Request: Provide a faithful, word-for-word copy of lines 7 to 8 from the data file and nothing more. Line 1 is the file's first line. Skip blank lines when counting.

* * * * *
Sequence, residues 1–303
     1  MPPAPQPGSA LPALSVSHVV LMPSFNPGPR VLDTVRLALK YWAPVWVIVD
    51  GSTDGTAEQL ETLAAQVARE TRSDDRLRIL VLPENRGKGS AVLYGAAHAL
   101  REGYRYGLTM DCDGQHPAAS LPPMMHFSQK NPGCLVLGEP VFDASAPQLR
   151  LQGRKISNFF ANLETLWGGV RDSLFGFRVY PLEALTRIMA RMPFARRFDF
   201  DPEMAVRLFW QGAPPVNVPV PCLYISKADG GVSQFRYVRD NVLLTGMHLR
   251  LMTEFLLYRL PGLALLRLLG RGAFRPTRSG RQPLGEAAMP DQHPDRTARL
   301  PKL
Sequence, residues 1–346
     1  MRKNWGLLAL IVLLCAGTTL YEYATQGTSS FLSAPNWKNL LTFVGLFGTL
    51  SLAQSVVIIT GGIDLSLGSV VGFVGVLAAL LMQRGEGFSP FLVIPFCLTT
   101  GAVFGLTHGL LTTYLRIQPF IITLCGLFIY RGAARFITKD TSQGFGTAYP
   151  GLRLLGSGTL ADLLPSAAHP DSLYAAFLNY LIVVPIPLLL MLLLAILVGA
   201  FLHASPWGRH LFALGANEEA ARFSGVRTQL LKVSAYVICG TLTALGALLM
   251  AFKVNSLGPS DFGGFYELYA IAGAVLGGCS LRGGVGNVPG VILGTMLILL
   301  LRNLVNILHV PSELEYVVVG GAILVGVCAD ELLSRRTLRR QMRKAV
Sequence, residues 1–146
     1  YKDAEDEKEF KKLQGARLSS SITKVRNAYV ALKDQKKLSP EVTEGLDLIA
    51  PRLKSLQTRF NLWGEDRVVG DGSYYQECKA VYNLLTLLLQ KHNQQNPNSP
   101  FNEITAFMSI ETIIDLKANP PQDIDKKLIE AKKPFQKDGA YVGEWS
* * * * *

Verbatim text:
   251  LMTEFLLYRL PGLALLRLLG RGAFRPTRSG RQPLGEAAMP DQHPDRTARL
   301  PKL